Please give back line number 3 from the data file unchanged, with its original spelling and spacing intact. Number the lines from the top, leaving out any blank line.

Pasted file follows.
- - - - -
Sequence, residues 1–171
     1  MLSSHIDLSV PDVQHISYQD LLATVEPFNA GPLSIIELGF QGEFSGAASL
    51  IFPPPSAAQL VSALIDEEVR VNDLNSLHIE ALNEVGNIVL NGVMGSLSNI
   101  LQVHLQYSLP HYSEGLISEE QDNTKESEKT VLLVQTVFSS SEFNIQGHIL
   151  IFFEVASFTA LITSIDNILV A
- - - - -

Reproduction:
    51  IFPPPSAAQL VSALIDEEVR VNDLNSLHIE ALNEVGNIVL NGVMGSLSNI